“Uncle Boonmee Who Can Recall His Past Lives” to play at DFT this season. Go watch it.
If you peruse the Detroit Film Theatreâ€™s Winter Schedule, youâ€™ll see slated for a few April-May showings the Thai import Uncle Boonmee Who Can Recall His Past Lives. Yes, thatâ€™s a few months awayâ€”but that just gives more time to clear your schedule. The filmâ€™s maker, Apichatpong Weerasethakul, has provided the greatest leap forward for world celluloidâ€”his work serves asÂ a bullet through the temple of the cinema of the formulaic and dried-upâ€”since Abbas Kiarostami. Nevertheless, only a cabalâ€™s worth of Americans have seen his work.
To the surprise of the masses and the dismay of cinema elites, Uncle Boonmee won the Palme dâ€™Or at the Cannes Film Festival this year. It very much was a blind-sider. Apichatpong is a mere 40-years-old, and, as far as Iâ€™m concerned, had already made two masterpieces before Uncle Boonmee hit Cannes. The surprise comes from the fact that Apichatpongâ€™s films are quiet and meditative as opposed to loud and flashy.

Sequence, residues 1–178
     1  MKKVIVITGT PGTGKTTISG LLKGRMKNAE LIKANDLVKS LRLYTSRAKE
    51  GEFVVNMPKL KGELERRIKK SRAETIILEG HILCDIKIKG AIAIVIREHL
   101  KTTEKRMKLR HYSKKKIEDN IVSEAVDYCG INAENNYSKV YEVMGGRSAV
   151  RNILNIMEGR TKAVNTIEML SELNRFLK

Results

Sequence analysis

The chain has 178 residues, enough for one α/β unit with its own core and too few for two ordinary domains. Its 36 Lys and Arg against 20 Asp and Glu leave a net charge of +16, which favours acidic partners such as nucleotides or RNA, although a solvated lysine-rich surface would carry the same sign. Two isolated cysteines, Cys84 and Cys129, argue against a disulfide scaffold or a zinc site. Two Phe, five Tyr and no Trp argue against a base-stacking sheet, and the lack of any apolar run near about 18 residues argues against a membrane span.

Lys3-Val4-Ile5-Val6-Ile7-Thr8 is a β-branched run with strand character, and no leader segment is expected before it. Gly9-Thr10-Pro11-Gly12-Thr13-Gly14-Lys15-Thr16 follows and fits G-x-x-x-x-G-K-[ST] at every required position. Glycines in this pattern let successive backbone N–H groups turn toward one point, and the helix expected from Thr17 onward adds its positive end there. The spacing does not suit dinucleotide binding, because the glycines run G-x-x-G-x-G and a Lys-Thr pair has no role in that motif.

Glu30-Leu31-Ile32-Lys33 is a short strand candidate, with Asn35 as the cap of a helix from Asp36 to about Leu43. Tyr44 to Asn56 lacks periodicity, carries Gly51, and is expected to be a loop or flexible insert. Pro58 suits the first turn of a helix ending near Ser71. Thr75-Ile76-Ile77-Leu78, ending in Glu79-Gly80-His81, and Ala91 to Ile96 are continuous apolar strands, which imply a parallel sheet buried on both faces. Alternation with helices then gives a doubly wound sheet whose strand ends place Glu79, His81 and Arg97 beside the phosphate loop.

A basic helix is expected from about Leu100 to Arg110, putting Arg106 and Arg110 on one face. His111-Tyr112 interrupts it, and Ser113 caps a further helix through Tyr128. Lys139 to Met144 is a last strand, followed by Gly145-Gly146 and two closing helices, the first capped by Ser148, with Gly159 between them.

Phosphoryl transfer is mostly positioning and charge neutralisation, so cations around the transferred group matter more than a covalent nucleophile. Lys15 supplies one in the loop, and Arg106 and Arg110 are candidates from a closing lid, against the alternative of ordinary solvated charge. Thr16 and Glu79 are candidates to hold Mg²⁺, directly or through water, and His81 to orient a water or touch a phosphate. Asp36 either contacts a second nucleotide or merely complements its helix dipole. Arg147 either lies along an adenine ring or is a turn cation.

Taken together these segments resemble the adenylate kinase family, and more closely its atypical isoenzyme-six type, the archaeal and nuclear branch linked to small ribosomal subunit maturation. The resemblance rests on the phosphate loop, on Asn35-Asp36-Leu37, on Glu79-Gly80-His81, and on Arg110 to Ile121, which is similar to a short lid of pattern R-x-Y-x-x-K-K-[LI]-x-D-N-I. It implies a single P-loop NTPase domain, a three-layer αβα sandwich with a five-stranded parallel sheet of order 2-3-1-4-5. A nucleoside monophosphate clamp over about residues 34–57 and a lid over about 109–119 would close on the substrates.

Anyways, onto those masterpieces (both of which are available on DVD): 2004â€™s Tropical Malady is a love story (between a soldier and country boy) with a perplexing two-part structure all its own. The first half shows the budding of their relationship; the second half, which is based largely on Thai folklore, transforms the country boy into an enigmatic tiger intermittently chasing, and being chased by, the soldier. (Also included is a talking baboon.) 2006â€™s Syndromes and a Century has also has a two-part structure, but actually tells the same storyâ€”of how Apichatpongâ€™s doctor parents met in a hospital settingâ€”twice, with minor variations. At the end of the film, the plot is eschewed entirely to make way for some beautiful and terrifying images and sounds.
â€śSublimeâ€ť is the word to describe these films, as Iâ€™ve scarcely come across as â€śpureâ€ť an aesthetic in art. Here is trailer for Uncle Boonmee. See you in April.